Now, to discuss a distinct differentiation factor – micronutrients. The real question is, what else are we getting with each source of protein? Animal protein for example, is a rich source of Vitamin D and Vitamin B12. Often times plant-based foods are fortified with these micronutrients. Supplementation is key, especially when you’re following a plant-based diet, to ensure adequate amounts of B12 and Vitamin D.
That being said, plant proteins have a litany of differing vitamins and minerals that animal protein doesn’t offer. But, that depends on the exact source of plant protein you’re consuming. For example, one of the biggest advantages plants provide, is fiber. Beans and vegetables have a high fiber and protein content, meaning you can build muscle and be regular. Plants also contain bioactive compounds or phytonutrients called flavanols, which help reduce free radical damage often associated with chronic disease and inflammation. Most plant protein sources are also rich in potassium, magnesium, zinc, and copper.
Animal protein doesn’t contain carbs, which means that with plant protein sources you’re going to get some carbohydrates. If your goal however is to cut body fat, build lean muscle mass, or gain more strength, including key complex carbohydrates and fiber from starchy vegetables is a must to optimize your athletic goals. Nevertheless, if you’re goal is reduce carbohydrate intake, you best bet, is opting for animal protein and supplementing with whey protein isolate or hydrolysate.
In terms of fat content, almost all animal protein sources contain saturated fat, yet the quantity widely varies. A filet is not going to have the same fat content, then let’s say a rib-eye. Different cuts of meat will have different amounts of fat, just like ground animal proteins will have different fat to protein ratios in animal sources such as chicken, turkey, beef, and bison.
What Type Of Protein Powder Should I Use?
When it comes to what type of protein powder you should use animal or plant, the most important factor is to ensure that it is proprietary blend free. When you track your food, it’s important to know what you’re ingesting to help you reach your goals. For example, most plant protein powders will list the sources of plant proteins they use, but what they won’t disclose is how much of each source they have. Without knowing the amounts, you won’t know what types of micronutrients you’re getting or what your protein is really made of. So whatever you do, make sure your protein powder provides transparency and lists the ingredients and amounts to make a better informed decision.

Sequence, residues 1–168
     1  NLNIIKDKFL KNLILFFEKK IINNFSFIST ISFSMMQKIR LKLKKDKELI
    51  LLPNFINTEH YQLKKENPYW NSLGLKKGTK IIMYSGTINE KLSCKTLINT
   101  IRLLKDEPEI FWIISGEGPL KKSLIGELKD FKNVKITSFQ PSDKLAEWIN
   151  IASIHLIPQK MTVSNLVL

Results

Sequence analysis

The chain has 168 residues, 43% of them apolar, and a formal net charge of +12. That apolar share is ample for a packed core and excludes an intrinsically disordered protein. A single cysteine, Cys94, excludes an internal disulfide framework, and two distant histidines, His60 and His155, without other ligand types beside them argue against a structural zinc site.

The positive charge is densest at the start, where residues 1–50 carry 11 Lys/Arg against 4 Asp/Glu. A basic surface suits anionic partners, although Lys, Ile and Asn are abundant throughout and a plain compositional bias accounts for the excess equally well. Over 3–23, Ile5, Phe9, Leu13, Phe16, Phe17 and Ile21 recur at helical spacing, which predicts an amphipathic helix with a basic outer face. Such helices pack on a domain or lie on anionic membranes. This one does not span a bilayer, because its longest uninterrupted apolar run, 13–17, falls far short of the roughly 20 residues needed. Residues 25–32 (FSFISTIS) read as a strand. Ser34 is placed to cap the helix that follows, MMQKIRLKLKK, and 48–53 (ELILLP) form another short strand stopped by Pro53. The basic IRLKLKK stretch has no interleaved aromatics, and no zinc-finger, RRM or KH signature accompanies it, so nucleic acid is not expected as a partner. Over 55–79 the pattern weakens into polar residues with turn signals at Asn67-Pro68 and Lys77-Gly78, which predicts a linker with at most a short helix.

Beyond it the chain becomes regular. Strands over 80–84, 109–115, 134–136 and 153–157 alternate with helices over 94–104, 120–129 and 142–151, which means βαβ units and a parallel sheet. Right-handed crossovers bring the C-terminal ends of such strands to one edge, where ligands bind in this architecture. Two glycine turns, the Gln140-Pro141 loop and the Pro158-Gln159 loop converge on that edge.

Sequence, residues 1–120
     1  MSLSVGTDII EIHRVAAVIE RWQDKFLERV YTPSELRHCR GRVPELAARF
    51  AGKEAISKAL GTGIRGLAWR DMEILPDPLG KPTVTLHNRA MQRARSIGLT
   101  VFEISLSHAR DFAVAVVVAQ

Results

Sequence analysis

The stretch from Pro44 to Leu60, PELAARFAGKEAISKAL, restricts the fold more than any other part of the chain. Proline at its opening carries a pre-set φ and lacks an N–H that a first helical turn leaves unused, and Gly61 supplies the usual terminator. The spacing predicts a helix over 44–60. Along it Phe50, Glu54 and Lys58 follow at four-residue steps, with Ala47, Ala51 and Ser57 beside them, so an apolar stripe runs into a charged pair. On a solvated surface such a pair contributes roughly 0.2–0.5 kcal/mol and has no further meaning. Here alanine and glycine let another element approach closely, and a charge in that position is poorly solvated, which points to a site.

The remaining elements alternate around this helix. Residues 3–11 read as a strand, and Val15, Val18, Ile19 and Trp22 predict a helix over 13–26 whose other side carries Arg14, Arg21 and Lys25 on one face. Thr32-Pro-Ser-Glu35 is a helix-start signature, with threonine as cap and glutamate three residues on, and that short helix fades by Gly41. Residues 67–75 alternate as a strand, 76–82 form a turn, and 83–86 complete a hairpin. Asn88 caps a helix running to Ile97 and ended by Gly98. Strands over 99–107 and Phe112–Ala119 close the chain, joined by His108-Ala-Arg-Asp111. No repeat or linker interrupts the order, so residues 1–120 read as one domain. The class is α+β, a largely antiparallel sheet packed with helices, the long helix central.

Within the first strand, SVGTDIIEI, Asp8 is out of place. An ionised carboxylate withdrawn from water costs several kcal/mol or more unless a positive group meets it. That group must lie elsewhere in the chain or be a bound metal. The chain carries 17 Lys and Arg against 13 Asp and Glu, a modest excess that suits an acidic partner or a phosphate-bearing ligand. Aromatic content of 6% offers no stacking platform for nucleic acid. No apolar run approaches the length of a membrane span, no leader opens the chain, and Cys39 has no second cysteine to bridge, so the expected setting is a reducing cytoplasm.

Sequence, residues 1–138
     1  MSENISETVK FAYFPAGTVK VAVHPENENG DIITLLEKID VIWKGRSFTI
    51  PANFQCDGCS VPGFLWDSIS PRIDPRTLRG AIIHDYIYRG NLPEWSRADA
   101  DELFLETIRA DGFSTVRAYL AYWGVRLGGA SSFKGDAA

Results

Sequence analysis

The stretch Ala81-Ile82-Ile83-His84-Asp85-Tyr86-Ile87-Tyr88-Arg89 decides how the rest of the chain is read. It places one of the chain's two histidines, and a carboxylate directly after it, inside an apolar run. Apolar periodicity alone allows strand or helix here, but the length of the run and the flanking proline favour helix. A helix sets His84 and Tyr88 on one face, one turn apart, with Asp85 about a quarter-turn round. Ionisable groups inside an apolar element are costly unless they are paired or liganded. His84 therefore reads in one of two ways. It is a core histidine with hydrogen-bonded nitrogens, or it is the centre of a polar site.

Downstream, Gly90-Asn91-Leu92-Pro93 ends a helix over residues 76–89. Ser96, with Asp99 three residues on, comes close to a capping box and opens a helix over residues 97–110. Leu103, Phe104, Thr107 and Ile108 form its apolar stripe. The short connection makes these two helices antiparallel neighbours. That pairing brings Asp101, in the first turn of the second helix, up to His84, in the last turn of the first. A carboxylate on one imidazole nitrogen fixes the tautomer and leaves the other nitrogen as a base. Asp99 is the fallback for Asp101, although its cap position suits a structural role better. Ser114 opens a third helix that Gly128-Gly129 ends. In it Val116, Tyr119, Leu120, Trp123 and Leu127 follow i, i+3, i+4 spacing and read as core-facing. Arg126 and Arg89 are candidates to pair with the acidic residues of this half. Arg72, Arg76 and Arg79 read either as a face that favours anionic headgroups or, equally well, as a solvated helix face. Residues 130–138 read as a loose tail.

Now, should you be using animal vs. plant protein powder to reach your health and fitness goals? Well, of course, that depends on a few different factors. Before you buy protein powder, ask yourself a few questions. What are my goals? Am I trying to lose more body fat? Do I want to incorporate more plant-based foods in my diet? Does it even matter? In any type of protein powder, whether that be whey, egg, rice, or plant protein, the carbs will always be negligible. If absorption rate is what’s important to you, opt for an animal based protein powder like whey isolate, egg, or casein.
Take Home Message
There is no one size fits all for what type of protein you should opt for. We all have different nutrient requirements, goals, dietary needs, and health profiles. The truth is that you can get all of your protein from plants, animals, or both. At this point, there’s not enough clinical evidence, to give you a definitive right or wrong answer if plant or animal protein is better. Both are inherently good, with their own pros and cons. Having a mix of plant and animal protein sources in your diet, is always going to provide more nutritional adequacy than strictly choosing one over the other.
If you do choose, either way you’re going to lack in some essential nutrients, whether you like it or not. Studies do favor animal protein in terms of athletic performance and goals. To the average person, that may not make a big difference, but to you, it probably does. Bottom line is that there is a lot to consider, and it’s not that simple. If you’re counting macros, chances are the distinction doesn’t matter that much, so long as you meet your macronutrient goals. A diet should be well-rounded with a collective amount of protein sources, both animal and plant.
- Babault, Nicolas et al. “Pea proteins oral supplementation promotes muscle thickness gains during resistance training: a double-blind, randomized, Placebo-controlled clinical trial vs. Whey protein.” Journal of the International Society of Sports Nutrition vol. 12,1 3. 21 Jan. 2015, doi:10.1186/s12970-014-0064-5
- Banaszek, Amy et al. “The Effects of Whey vs. Pea Protein on Physical Adaptations Following 8-Weeks of High-Intensity Functional Training (HIFT): A Pilot Study.” Sports (Basel, Switzerland) vol. 7,1 12. 4 Jan. 2019, doi:10.3390/sports7010012